Mother guilty of slaying faces custody appeal Woman who admitted killing infant daughter was to get her son back

August 26, 1998|By Andrea F. Siegel | Andrea F. Siegel,SUN STAFF

Maryland's highest court agreed yesterday to hear an appeal of a Montgomery County judge's decision to return a toddler to his mother, who admitted killing her infant daughter in 1992.

The Court of Appeals set oral arguments for December in the emotionally charged case that has rallied adoption advocates.

Attorneys for Latrena Pixley, whose prospects of regaining her 2-year-old son within weeks were tugged away by yesterday's decision, could not be reached. She had won in Montgomery County Circuit Court, which refused to end her parental rights in favor of an adoption. The Court of Special Appeals upheld that decision last month.

Her lawyers have said she is a different person than she was in 1992 -- better educated and employed, for example.

Lawyers for Cornilous, the toddler, and Laura Blankman, the Montgomery County police officer trying to adopt the boy she has cared for since he was 4 months old, had challenged the intermediate appeals court opinion. They could not be reached yesterday.

Court rulings in this case have created controversy over when, and if, a parent convicted of killing a child can be entrusted with another child and whether state law excessively favors biological parents.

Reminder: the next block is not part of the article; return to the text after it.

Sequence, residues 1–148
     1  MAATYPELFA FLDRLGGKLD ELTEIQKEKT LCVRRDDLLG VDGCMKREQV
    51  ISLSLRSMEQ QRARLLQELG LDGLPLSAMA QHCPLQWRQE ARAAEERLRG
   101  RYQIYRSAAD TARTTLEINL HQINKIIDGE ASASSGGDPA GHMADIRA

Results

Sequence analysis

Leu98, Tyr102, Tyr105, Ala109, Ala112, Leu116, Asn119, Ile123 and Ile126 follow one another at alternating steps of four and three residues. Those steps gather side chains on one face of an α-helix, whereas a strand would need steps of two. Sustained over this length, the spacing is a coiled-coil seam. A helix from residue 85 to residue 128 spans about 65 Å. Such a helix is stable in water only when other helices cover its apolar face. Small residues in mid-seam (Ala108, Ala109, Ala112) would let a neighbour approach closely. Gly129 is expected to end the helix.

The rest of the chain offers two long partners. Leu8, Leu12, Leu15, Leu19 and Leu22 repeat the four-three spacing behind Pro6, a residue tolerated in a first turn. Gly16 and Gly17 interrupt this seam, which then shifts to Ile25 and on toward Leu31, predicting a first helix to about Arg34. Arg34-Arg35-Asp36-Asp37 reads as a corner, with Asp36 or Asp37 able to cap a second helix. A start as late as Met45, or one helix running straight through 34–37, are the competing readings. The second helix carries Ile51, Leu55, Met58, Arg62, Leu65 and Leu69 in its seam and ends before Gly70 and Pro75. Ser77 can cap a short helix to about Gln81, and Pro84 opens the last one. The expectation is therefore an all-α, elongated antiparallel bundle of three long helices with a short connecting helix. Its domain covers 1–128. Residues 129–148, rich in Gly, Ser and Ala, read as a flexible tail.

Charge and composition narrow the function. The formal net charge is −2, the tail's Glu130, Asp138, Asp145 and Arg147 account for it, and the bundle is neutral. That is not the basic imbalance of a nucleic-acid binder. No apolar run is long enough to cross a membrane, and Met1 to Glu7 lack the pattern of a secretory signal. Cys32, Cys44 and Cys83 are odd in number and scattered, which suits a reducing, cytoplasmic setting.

Maryland law was changed this spring in response to changes last year in federal law. The amended state law says judges asked to terminate parental rights must consider whether the parent was convicted of a crime of violence against any person who resides in the household. Previously, consideration focused on whether the child in question was abused, though it included numerous other factors, including what is in the child's best interest and what are the interests of the biological parents.

Yesterday's decision buoyed adoption advocates, who have maintained that the lower court rulings defied common sense.

"It stretches the imagination to say that a child who is abused and alive would be a factor in a case, but a child who was abused and not alive is no longer a factor," said William L. Pierce, president of the National Council for Adoption.

Cary W. Mergele, an attorney for the organization, said that could mean that if both children were alive with custody pending before the court, the judge could apply two standards -- one for the child who was abused and one for the child who was not.

The Center for the Community Interest, which filed a brief on behalf of the council and two other organizations, was similarly delighted to win another forum for the case.

But adoption lawyers who have an interest in -- but no ties to -- this case said last month that they thought the law was tipped in Pixley's favor, and they noted that trial judges have broad discretion.

In March 1993, Pixley, then 19, pleaded guilty to second-degree murder in District of Columbia Superior Court for smothering her 44-day-old daughter, Nakya. Pixley blamed the crime on postpartum depression.

She was placed on probation and ordered to spend weekends in jail.

Four months after Cornilous was born in 1996, she was convicted of credit card fraud in federal court and sent to prison.

Blankman became the baby's temporary caretaker.

In February 1997, Blankman petitioned Montgomery County Circuit Court for adoption. Pixley, continuing to visit with Cornilous, fought it. A Montgomery County judge ruled that she met all the criteria for having her child returned to her.

She recently moved to a different halfway house so that she could have her son with her. She does not have custody of her two other children.

Pub Date: 8/26/98

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